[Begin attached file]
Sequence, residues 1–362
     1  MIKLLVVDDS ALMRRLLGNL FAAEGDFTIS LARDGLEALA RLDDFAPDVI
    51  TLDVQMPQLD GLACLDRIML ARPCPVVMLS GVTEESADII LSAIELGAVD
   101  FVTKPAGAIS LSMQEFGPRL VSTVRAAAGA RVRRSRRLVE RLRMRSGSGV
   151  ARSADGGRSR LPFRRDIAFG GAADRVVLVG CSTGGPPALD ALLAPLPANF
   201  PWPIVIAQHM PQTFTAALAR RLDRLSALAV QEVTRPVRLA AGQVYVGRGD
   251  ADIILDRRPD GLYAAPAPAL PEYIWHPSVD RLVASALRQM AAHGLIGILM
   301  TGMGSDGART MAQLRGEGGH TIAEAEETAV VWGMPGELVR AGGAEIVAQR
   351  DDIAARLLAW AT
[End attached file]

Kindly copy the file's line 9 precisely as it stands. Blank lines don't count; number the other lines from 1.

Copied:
   351  DDIAARLLAW AT